Finland’s basic income scheme did not spur its unemployed recipients to work more to supplement their earnings as hoped but it did help their wellbeing, researchers said on Friday as the government announced initial findings.

The two-year trial, which ended a month ago, saw 2,000 Finns, chosen randomly from among the unemployed, become the first Europeans to be paid a regular monthly income by the state that was not reduced if they found work.

The trial was being watched closely by other governments who see a basic income as a way of encouraging the unemployed to take up often low-paid or temporary work without fear of losing their benefits. That could help reduce dependence on the state and cut welfare costs, especially as greater automation sees humans replaced in the workforce.

Giving jobless people in Finland a basic income for two years did not lead them to find work, researchers said.

The aim was to see if a guaranteed safety net would help people find jobs, and support them if they had to take insecure gig economy work.

While employment levels did not improve, participants said they felt happier and less stressed.

“As a society, hidden homelessness is not considered to be homelessness,” William O’Grady, a sociology professor at the University of Guelph, told Out in the Open.

“Images of homelessness, which appear in the Canadian mass media, for example, usually depict ‘the homeless’ as people living on the streets in large cities like Toronto and Vancouver.”

He added that people living with hidden homelessness may not consider themselves to be homeless, and therefore don’t seek support that may be available — essentially making them “invisible to the service system.”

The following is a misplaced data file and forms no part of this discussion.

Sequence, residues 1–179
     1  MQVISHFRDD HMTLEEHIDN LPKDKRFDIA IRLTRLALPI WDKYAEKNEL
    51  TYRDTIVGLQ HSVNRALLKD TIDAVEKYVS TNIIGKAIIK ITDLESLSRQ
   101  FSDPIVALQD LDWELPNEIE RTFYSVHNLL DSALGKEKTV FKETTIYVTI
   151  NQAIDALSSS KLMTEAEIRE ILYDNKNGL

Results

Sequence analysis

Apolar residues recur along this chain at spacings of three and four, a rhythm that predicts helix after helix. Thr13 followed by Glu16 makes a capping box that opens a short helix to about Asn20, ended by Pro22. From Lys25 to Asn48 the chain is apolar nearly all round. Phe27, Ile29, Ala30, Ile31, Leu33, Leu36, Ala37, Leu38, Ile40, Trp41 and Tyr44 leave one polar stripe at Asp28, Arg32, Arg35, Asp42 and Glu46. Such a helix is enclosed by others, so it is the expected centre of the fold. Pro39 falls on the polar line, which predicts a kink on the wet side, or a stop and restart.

The federal government is planning to spend an additional $114.7 million to compensate provinces and municipalities for temporary housing costs for asylum seekers.

The money is part of $2.5 billion in new spending plans tabled late Monday as part of the government’s supplementary estimates.

The financial document says the influx of irregular migrants entering Canada has increased pressure on provinces to provide shelter and social services.

The federal government is giving Toronto $15 million to help address mounting demand on the city’s shelter system as it faces the added pressures of refugee claimants. It’s the latest injection of funding since Ottawa committed $11 million last summer.

In a news release Friday, Immigration, Refugees and Citizenship Canada acknowledged that while affordable temporary housing has been a “key challenge in Toronto for some time,” the impacts of global migration have placed the system under greater strain over the past year.

The release went on to say that provincial governments are still “best placed” to distribute funding for housing pressures and wants to see a cost-sharing agreement with Ontario to help tackle the pressures on the system.

UNICEF’s 2017 Index of Child and Youth Well-being and Sustainability. A recent national study from Children First Canada also reports that suicide is the second leading cause of death among Canadian children. Mental-health related hospitalization rates are increasing and approximately one in five Canadian kids continue to live in poverty.

The reality is more bleak when you consider First Nations children.

One in three Indigenous children live in poverty. This number rises to over 60% among children living on reserve. First Nations youth have suicide rates five to seven times higher than non-Indigenous youth – and Inuit youth have one of the highest rates in the world, 11 times higher than the national average.